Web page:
American Jewish Committee (AJC), the global Jewish advocacy organization, is urging concerted initiatives by European governments to confront rising anti-Semitism, following the release of deeply troubling findings from an EU Agency for Fundamental Rights (FRA) survey of Jews across Europe. The survey results were announced today in Brussels by European Union First Vice President Frans Timmermans and Commissioner for Justice Věra Jourová. 

“The FRA conclusion that anti-Semitism has become ‘normalized’ across the EU is simply unacceptable,” said AJC CEO David Harris, who met with European officials in Brussels ahead of the report’s release, and who began alerting European leaders to the resurgent wave of anti-Semitism as early as 2001. “Each European country surveyed by the FRA, indeed all EU members states, have a moral responsibility to study the report’s unique, valuable data — and step up efforts to confront the anti-Semitism cancer that threatens not only Jews, but, no less, the democratic fabric of European societies.”

This is the second EU Agency for Fundamental Rights (FRA) survey on discrimination and hate crimes against Jews in the EU. The 2012 FRA survey, the first of its kind, was a wake-up call to the pervasive problem of anti-Semitism in Europe. 

The 2018 report found that 54 percent of those surveyed positively assess their national governments’ efforts to ensure the security needs of the Jewish community. However, a decisive majority, 70 percent, believe that their governments do not effectively combat anti-Semitism.

The FRA polled 16,500 Jews in 12 EU member states – Austria, Belgium, Denmark, France, Germany, Hungary, Italy, the Netherlands, Poland, Spain, Sweden, and the United Kingdom. The 2012 report covered only eight countries.

The 2018 survey paints a distressing picture:

■ 89% say anti-Semitism has increased in their country over the past five years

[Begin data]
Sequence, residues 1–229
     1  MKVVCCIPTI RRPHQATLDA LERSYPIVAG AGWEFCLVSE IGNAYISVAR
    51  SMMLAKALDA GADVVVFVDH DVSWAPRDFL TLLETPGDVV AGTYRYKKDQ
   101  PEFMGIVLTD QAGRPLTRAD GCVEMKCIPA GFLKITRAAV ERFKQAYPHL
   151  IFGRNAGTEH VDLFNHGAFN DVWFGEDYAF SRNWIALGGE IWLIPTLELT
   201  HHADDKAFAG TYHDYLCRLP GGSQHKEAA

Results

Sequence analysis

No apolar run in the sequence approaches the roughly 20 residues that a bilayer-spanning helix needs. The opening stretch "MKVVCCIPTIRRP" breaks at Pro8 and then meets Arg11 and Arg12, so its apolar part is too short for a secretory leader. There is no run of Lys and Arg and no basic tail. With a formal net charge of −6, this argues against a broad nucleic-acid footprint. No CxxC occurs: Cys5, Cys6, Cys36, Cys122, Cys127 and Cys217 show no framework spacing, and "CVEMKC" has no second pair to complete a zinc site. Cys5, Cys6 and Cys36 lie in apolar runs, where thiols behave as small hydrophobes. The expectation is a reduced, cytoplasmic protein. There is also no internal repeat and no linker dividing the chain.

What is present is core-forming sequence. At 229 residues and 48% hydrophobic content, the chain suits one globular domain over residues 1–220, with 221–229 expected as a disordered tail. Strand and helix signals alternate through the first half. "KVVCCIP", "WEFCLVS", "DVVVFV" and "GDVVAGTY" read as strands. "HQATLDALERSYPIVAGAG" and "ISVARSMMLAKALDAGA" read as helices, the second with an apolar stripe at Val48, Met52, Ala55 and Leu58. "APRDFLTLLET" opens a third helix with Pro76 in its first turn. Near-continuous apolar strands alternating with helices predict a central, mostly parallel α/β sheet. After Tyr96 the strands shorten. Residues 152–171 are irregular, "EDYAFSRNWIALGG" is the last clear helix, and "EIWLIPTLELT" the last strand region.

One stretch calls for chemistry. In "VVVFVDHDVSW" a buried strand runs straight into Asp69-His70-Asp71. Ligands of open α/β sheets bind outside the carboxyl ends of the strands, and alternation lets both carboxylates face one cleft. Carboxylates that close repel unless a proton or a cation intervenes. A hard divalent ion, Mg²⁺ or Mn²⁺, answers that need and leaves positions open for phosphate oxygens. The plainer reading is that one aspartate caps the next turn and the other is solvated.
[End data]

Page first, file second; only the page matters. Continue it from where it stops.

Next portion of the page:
■ 85% say anti-Semitism is a serious problem

■ 89% say anti-Semitism is “most problematic” on the internet and social media

■ 28% experienced some form of anti-Semitic harassment in the last year. 

■ 34% avoid visiting Jewish events or sites

■ 38% have considered emigrating because they no longer feel safe as Jews in the country where they live

■ 52% say they do not report anti-Semitic attacks because, in their view, nothing will change

Infographic of the stats listed above.

Notably, those who say anti-Semitism is “a very big” or “a fairly big” problem rose significantly in the UK from 48% in 2012 to 75% in 2018, in Germany from 62% to 85%, and in Sweden from 60% to 82%.

French Jews, the largest community in Europe, have the highest level of concern at 95%, followed by Belgian Jews at 86%. Danish Jews ranked 12th among the 12 countries studied in their level of concern. 

In 2015, AJC convened in Brussels “A Defining Moment for Europe,” a strategy conference on combating anti-Semitism. More than 20 EU countries were represented by diplomats and other officials. The eight-point Call to Action adopted at the groundbreaking conference was updated in June 2018.

“The FRA reports provide a unique and dismaying perspective,” said Harris. “European leaders, who laudably adopted a declaration in Brussels last week to step-up the fight against anti-Semitism, must realize that they have not been keeping pace with the growing problem. What’s needed now is enhanced, sustained action on many fronts to ensure that European Jews have a safe and secure future — and that Europe fulfills its noble commitment to the protection of human dignity for all of its citizens.”

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